The point is that I'm already using permittivity average on the interfaces. I will try to increase the resolution, but if this is the solution, I don't see any improvement in computational time terms....
Any idea?

cheers,
grendhell
 

pappumaity

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Re: dielectric resonator antenna fdtd

grendhell said:
Hi, I'm trying to implement a DRA fed by a coaxial line using FDTD in Matlab.
I'm following the implementation exposed in :
A coaxial probe feed model for FDTD
Microwave and Optical Technology Letters
Volume 34, Issue 3, Date: 5 August 2002, Pages: 193-198
Riku Mäkinen, Ville Kangas, Janne Lahtinen, Markku Kivikoski

The code seems to work but I have problem with stability. I have to choose a smaller time step than the Courant limit one, sometimes 10 times smaller. Obviously this increase the computational time.
I don't know if instability can be removed or it's just a consequence of BCs between cable and DRA.
I have noticed (but I don't know if it's a general rule) that instability arises when the DRA permittivity constant is higher than the coaxial cable one's.
Does anybody know if it's possible to increase stability and how?
Does anybody know another more stable way (closer to the Courant limit) to couple coaxial line and DRA?
Thanks a lot

grendhell

can u send me this paper which u refer it here---i am getting that at all-----please------------


can u help me--i need this paper also---------------

R. K. Mongia and P. Bhartia, “Dielectric resonator antennas—A review
and general design relations for resonant frequency and bandwidth,” Int.
J. Microwave Millimeter-Wave Eng., vol. 4, pp. 230–247, July 1994.


can u send me it--------at-sdpt123_maity@yahoo.co.in

or u can upload it here also-----please-i need it-----------help me------

Added after 54 seconds:

rrumpf said:
I don't think it is possible for me to say for sure where your instabilities are coming from, but I can list of few things it may be that you may not have considered.

1. Algorithm
First, it is very important to consider the staggered nature of the Yee grid. This places the field components at physically different locations so they will be out of phase. Field components in the same grid cell may even reside in different materials. Your code could have instabilities if you don't consider this with your source.
Second, the fields are also staggered in time. This has to be considered when formulating your update equations. Each term in the equation has to be defined at the same instant in time. If this is violated, your code will go unstable, especially over long simulations.

2. PML
The PML boundary condition is excellent because you don't have to worry about angle, frequency, polarization, or inhomogeneous boundaries and it will still work pretty well. If you don't choose your PML parameters correctly, this can cause your code to go unstable. You may want to track the maximum field value in your model to try to figure out if the fields are exploding in the boundaries first.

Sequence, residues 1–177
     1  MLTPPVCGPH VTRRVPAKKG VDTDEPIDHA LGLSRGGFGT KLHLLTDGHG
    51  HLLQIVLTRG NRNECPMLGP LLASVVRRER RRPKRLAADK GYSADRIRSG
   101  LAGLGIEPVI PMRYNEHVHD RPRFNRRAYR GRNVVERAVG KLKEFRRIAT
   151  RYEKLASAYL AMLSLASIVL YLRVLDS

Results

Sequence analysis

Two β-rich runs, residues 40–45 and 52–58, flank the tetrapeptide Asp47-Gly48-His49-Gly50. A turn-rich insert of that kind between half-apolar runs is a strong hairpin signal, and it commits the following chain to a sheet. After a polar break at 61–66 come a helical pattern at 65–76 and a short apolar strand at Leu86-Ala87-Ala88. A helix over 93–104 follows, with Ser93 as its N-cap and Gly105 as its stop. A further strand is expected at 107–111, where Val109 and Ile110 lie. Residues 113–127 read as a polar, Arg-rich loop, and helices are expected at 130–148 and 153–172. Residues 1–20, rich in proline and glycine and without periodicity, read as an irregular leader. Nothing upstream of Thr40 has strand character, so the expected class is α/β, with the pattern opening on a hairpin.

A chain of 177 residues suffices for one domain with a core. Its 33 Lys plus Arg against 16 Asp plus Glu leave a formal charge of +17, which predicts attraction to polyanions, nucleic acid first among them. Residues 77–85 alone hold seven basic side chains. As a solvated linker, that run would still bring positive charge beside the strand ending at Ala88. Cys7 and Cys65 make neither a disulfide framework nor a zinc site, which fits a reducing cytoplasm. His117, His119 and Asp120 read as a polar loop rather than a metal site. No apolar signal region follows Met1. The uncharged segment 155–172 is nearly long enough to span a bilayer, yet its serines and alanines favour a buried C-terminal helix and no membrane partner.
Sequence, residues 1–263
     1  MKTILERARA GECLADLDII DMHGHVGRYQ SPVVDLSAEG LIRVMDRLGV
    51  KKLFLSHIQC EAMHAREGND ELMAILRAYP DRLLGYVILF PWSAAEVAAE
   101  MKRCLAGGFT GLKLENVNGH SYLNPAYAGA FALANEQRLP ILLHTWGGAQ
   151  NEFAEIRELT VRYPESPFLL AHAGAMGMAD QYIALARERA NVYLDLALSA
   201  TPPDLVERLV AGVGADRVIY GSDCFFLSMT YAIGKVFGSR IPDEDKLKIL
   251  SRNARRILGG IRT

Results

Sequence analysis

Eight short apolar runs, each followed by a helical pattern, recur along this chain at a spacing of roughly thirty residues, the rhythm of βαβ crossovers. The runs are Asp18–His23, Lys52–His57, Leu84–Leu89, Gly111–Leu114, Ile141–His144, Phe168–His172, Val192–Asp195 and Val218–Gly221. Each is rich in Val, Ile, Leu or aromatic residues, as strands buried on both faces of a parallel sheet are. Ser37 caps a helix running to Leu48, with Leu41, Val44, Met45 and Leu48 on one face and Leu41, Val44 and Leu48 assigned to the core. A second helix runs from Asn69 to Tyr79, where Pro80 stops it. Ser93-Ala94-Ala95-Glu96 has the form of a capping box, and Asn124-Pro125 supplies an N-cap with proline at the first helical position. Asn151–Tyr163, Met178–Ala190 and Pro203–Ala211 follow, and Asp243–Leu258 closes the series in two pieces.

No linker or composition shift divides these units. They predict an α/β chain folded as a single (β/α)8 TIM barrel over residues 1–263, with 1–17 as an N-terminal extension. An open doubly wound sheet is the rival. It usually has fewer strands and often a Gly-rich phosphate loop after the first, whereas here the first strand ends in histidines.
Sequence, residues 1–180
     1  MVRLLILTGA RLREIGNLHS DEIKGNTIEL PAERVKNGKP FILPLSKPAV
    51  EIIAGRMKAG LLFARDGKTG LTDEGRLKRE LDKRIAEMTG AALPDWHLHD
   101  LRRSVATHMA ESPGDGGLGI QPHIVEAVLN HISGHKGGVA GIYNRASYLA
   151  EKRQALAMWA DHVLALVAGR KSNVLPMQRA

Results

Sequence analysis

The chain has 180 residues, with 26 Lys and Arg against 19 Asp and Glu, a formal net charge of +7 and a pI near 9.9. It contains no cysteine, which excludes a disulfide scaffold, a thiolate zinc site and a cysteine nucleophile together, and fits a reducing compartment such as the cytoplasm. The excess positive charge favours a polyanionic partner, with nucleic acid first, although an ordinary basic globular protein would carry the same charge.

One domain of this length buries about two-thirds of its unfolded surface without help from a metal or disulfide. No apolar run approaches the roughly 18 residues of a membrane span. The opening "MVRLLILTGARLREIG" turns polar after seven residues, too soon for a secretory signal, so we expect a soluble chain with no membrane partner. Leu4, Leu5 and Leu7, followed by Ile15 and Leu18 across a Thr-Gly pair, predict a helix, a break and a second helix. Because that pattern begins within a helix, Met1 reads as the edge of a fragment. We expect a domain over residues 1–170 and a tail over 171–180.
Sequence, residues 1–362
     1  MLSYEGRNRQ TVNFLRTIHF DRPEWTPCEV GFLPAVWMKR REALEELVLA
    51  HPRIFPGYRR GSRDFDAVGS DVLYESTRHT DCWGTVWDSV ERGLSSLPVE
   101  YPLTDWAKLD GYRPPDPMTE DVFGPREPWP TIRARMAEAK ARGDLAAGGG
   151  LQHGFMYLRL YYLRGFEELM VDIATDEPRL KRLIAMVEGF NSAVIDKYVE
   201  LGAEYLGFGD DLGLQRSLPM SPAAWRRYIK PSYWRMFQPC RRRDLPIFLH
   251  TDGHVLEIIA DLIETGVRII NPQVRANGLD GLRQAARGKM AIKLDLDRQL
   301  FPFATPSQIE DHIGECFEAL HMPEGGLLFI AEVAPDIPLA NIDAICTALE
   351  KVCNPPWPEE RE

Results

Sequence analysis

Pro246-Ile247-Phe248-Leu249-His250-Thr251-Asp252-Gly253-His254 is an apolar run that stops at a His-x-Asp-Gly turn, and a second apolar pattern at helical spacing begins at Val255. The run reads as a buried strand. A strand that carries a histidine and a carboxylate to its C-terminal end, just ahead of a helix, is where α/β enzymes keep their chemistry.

3. Metals
If you are using a Lorentz model or something like that for metals, you can have "faster than vacuum" phase velocity and you should modify your Courant stability condition accordingly (i.e. reduce time step). Try turning off your dispersion models and use a very large value of permeability and see if this fixes your problem.
Another good practice is to assign the metals to points on the Yee grid that place tangential electric fields on the surfaces of the metal regions. I have noticed instability when I do not do this properly, but I don't think I can fully explain why this happens.

4. Grid Resolution
If your grid resolution is insufficient, this can cause your problem to go unstable as errors accumulate during simulation. For long simulations, it is a bit more important to use sufficiently high grid resolution. You mention you simulation is more unstable when you raise a material value so perhaps this is part of your problem. Try computing your grid resolution this way. First determine the highest frequency you are exciting your problem with. Second, calculate the corresponding wavelength in the region with highest dielectric constant. Third, divide that number by something larger than 10. Fourth, you may have to reduce your resolution further to resolve fine structures. Fifth, use this as your grid resolution.

Hope this helps!!
-Tip

can u help me--i need this paper---------------

R. K. Mongia and P. Bhartia, “Dielectric resonator antennas—A review
and general design relations for resonant frequency and bandwidth,” Int.
J. Microwave Millimeter-Wave Eng., vol. 4, pp. 230–247, July 1994.


can u send me it--------at-sdpt123_maity@yahoo.co.in

or u can upload it here also-----please-i need it-----------help me------
 

pappumaity

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can u help me--i need this paper---------------

R. K. Mongia and P. Bhartia, “Dielectric resonator antennas—A review
and general design relations for resonant frequency and bandwidth,” Int.
J. Microwave Millimeter-Wave Eng., vol. 4, pp. 230–247, July 1994.


can u send me it--------at-sdpt123_maity(at)yahoo.co.in

or u can upload it here also-----please-i need it-----------help me------